Prediction Markets -- Beginner to Intermediate

By Cultivate Labs

If you read Wikipedia’s intro paragraph for prediction markets without knowing how they function, I can almost guarantee that you'll walk away confused. I asked Adam Siegel, someone who's been explaining what prediction markets are for over 12 years, what his short explanation would be. He said the following:

Prediction markets are just a fancy name for combining people’s opinions in to a probability, or the chance that something will happen in the future. It’s kind of like a weather report where the weather man says there’s a 70% chance of rain. We can tell you what the chance is of a team winning a game, a project getting done on time, or how sales will be in Q3 just by combining the opinions of a bunch of people (ever see the show Who Wants to Be A Millionaire when the contestant chose “Ask the Audience?” That’s basically what a prediction market is doing.)

An explanation like this is perfect for Prediction Markets 101. It's succinct, to the point and leaves you understanding what a prediction market does. What I want to do in this post, however, is cover what might be taught in Prediction Markets 200 -- giving you a slightly more in depth understanding. I won't go into the math that takes place in the background of a prediction market (aka Prediction Markets 400). That’ll be for a later post, but right now, I’m only talking necessities.

The rest of this post will go through three things. First, what are prediction markets used for, second, the requirements of a prediction market question, and finally, an explanation of how the numbers in a prediction market change, which leads to accuracy.

What are prediction markets used for?

At the absolute most basic level, a prediction market is a tool that is used to forecast the outcome of an event.

“What kind of events can you forecast using prediction markets?” is something you might ask. My answer would be, “Pretty much anything.”

When we work with a company and run a prediction market internally, we ask questions related to various parts of their business, such as:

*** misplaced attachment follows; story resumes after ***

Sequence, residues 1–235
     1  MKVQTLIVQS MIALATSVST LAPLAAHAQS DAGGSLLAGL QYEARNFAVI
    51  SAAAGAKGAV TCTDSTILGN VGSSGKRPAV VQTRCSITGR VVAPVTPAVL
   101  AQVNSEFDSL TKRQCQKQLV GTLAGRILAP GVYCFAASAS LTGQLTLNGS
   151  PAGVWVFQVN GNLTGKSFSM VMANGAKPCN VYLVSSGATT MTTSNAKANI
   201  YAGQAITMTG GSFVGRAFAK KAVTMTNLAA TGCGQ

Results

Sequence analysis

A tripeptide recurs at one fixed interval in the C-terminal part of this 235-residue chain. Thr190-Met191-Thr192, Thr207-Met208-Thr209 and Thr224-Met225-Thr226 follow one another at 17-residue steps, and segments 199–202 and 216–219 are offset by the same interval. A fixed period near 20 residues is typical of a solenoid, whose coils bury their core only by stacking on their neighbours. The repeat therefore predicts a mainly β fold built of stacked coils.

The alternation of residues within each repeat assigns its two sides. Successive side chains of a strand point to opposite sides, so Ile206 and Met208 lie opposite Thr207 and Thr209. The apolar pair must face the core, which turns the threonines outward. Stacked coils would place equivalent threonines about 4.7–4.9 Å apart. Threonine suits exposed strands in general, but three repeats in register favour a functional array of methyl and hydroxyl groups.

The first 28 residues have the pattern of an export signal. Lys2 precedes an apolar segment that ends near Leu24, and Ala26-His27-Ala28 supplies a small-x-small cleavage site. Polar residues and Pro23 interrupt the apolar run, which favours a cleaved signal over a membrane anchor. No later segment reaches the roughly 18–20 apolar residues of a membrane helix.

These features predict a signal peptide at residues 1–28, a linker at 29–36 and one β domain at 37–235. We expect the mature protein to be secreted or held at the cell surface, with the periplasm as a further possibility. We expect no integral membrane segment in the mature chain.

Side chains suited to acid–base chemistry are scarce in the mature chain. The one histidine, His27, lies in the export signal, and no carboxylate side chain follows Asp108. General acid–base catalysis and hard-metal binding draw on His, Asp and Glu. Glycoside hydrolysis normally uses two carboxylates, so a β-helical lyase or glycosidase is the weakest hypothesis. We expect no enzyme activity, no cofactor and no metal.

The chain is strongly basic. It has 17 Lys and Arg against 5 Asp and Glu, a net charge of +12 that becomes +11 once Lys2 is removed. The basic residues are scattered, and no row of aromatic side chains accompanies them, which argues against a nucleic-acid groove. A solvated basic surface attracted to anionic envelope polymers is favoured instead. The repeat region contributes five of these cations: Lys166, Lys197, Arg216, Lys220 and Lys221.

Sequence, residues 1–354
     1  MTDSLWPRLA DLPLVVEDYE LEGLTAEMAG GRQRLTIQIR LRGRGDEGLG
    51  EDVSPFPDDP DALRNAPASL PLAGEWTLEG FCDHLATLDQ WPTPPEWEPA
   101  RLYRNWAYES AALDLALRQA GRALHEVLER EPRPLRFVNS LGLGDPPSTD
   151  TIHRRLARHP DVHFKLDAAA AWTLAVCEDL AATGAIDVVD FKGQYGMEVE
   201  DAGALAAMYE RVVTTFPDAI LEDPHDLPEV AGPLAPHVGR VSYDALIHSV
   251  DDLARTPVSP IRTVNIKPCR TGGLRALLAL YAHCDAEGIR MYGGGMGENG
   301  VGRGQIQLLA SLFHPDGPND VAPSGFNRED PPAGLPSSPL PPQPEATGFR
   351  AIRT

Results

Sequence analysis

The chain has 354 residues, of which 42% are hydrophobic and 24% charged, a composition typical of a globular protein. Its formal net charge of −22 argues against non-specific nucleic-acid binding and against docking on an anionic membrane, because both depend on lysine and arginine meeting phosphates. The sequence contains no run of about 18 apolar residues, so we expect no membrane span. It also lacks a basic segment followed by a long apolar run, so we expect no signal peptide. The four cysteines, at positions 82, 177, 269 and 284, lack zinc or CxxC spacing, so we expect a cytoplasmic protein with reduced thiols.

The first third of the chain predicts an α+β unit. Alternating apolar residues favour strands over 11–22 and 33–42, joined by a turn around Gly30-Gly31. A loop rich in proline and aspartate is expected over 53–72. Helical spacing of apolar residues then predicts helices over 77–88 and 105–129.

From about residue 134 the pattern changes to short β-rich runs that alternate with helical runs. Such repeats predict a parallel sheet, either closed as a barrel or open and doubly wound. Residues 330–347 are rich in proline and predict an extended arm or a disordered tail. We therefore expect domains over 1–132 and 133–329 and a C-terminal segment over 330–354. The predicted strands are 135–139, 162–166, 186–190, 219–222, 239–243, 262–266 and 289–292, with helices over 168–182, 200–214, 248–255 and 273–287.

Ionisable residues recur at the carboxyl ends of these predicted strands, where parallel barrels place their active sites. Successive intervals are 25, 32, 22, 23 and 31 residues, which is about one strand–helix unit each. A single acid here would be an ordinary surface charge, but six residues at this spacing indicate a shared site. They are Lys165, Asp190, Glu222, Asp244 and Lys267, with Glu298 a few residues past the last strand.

• What will be Company X’s reported revenue for the first quarter in Y year?
  • Will Project Y be completed by X date?

Cool! And if you asked these questions to a single person, they might come up with a number. For example, they could answer $1.2 million, and nope.

If you were to ask a bunch of people these questions, take the average or median of everyone’s responses, you might get some useful information. But notice that the answers I gave, and the answers you might give, can vary widely. Prediction markets combat this by formalizing the extraction and summation of everyone’s responses, leading to concrete and actionable results.

Format of prediction market questions

First, each question must have a verifiable result. All the examples above are valid in prediction market land. Some examples of questions that don’t work for prediction markets could be:

“Do wizards exist?” won’t work because you can’t exactly prove that wrong. “Will ISIS exist in 2021?” doesn’t work because it’s too tough to define what ISIS existing means exactly, and “Should we hire a new person?” won’t work since it’s not asking for expected probability (84% we should hire someone doesn’t really makes sense and isn’t concrete).

Second, each question comes with predefined possible answers that people choose from as their answers, and these answers have to cover all possible solutions to the question. For example, they might be choosing from buckets of numbers instead of picking a number themselves. Or they might be picking from a list of candidates, rather than trying to come up with the list of people themselves.